A parade of cameos throughout the film serve less as moments of comic inspiration than they do as endorsements from or tributes to the original Ghostbusters’ cast. Despite a flashy appearance by Bill Murray, the most affecting of these is a don’t-blink-or-you’ll-miss-it homage to Harold Ramis—co-writer and co-star of the original—who passed away in 2014 but appears here as a bronze bust outside Erin’s office at Columbia. Casual fans will recognize and appreciate the appearances by Murray, Dan Aykroyd, Sigourney Weaver, the Stay Puff Marshmallow Man, and others; but only the true fan will choke up over that brief glimpse of Ramis’ unmistakable figure standing guard in the hallway. His is the one ghost we hope our squadron of wonderful women warriors don’t blast back into the other dimension.

Star Wars: The Force Awakens


A long time ago in a galaxy far, far away…

In more than a century of motion picture history, one would be hard pressed to come up with a more eagerly anticipated, massively-hyped film than Star Wars: The Force Awakens. Sure, in recent years, there have been huge franchises that have largely lived up to their billing (Lord of the Rings and Harry Potter and even The Hunger Games are just a few examples). There have been massive best-seller books made into wildly over-hyped movies (Fifty Shades of Grey, anyone?). And there have even been unexpected visits from old friends that we thought we may never hear from again…and ultimately probably shouldn’t have (Indiana Jones and the Kingdom of the Crystal Skull, ugh).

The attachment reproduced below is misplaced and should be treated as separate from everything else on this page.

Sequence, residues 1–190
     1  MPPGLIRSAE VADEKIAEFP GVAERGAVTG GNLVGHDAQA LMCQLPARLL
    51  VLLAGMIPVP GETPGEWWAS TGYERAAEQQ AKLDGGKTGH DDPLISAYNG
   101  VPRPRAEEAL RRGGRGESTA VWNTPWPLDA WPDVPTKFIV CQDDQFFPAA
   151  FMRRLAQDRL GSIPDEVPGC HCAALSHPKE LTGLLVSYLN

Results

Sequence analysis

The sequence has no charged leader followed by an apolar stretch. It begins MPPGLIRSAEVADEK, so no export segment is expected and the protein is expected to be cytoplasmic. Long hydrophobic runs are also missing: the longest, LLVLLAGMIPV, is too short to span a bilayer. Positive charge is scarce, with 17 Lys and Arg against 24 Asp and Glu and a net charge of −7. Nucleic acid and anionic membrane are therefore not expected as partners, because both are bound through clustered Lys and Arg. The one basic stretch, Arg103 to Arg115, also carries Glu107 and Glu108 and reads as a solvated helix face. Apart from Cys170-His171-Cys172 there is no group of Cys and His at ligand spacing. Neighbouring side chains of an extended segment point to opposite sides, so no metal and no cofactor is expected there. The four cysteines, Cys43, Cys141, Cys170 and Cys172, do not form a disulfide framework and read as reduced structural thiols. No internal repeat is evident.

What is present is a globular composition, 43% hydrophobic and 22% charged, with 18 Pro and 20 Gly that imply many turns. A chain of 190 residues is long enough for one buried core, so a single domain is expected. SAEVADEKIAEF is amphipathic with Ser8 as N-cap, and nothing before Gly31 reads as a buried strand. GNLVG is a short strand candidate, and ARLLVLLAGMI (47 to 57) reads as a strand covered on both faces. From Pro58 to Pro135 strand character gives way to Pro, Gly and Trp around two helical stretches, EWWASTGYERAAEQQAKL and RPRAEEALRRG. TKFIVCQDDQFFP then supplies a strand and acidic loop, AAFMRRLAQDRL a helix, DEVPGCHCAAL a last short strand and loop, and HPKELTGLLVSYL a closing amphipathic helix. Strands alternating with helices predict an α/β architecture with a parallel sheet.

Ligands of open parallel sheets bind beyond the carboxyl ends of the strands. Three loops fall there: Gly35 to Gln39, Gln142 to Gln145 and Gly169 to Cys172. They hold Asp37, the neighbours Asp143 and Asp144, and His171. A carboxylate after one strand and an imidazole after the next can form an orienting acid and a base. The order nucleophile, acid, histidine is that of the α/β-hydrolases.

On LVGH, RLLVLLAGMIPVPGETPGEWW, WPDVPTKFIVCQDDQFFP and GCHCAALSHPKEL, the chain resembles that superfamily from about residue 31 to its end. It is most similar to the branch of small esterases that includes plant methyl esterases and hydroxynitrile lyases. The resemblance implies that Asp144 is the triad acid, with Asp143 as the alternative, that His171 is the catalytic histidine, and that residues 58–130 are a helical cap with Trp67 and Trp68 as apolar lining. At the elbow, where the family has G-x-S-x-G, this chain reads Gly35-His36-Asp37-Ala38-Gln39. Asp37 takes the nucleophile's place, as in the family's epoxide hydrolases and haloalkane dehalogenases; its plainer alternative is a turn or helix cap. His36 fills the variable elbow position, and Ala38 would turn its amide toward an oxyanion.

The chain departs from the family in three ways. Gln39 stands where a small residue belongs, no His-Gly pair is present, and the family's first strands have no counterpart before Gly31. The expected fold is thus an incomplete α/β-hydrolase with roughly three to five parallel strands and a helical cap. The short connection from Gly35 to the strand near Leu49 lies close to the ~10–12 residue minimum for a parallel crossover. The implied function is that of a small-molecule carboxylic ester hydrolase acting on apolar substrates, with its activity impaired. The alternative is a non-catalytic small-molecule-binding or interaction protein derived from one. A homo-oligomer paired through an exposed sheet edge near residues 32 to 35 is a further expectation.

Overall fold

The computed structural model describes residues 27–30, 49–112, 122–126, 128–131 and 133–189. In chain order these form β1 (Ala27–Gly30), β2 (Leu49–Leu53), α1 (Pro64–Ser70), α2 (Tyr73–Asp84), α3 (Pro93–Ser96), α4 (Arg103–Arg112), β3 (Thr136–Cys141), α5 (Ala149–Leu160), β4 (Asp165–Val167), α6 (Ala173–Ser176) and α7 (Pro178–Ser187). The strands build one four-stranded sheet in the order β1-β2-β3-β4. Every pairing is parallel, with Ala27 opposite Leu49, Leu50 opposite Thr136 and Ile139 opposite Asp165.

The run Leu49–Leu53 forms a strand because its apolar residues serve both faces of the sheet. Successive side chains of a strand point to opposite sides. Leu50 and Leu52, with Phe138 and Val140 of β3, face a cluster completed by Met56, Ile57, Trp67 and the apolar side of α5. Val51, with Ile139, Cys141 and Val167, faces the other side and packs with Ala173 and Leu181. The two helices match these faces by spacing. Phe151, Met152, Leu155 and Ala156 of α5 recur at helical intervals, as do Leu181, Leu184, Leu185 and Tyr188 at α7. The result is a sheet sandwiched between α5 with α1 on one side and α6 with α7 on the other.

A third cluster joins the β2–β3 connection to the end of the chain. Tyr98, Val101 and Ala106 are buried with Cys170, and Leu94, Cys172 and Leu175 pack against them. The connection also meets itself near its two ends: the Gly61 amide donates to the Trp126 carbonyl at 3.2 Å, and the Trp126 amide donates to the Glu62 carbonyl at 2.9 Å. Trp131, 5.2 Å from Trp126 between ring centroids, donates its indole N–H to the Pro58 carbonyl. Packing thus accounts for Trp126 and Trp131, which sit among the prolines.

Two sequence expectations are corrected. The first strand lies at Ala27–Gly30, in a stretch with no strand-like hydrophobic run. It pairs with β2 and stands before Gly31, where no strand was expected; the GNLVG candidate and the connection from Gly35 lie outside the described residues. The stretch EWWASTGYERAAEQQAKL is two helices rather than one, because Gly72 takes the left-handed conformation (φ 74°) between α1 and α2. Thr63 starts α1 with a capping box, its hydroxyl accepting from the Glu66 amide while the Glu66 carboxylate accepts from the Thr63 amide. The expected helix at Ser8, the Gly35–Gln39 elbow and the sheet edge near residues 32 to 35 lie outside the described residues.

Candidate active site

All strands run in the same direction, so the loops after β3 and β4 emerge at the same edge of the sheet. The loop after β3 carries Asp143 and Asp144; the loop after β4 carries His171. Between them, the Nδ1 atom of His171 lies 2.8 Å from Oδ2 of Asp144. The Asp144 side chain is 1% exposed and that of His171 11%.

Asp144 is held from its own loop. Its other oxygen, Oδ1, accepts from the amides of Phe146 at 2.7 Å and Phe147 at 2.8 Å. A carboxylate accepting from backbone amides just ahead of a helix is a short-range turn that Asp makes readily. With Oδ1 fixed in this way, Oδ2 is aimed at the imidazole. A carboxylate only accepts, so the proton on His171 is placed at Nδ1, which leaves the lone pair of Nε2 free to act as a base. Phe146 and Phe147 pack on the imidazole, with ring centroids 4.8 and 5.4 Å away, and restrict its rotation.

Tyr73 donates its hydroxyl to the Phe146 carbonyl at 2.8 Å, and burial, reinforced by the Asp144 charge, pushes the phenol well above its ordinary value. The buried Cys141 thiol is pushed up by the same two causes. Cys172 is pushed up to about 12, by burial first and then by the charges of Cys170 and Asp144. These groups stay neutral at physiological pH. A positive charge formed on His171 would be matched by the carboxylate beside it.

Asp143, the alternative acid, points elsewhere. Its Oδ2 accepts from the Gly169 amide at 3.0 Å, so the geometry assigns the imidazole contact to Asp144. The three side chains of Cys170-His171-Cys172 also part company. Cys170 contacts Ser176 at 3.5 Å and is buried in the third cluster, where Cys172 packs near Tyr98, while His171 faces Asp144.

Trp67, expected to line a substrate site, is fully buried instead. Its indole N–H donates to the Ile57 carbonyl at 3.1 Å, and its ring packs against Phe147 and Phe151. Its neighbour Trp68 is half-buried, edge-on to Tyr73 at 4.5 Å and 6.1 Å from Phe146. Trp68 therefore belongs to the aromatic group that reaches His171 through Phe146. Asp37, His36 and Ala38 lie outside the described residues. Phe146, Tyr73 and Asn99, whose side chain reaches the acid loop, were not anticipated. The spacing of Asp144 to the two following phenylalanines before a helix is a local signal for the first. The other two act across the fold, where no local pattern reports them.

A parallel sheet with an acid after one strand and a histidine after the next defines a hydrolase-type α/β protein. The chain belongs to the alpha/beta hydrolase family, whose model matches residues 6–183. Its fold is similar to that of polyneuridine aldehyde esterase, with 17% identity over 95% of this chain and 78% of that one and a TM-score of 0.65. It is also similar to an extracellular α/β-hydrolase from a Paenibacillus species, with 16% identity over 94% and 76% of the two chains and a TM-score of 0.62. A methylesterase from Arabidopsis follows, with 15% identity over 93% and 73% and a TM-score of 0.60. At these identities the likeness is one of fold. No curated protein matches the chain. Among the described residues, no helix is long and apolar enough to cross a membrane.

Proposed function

But in today’s age of brute force marketing, corporate cross-promotion, and social media madness, the art of anticipation has reached its golden age.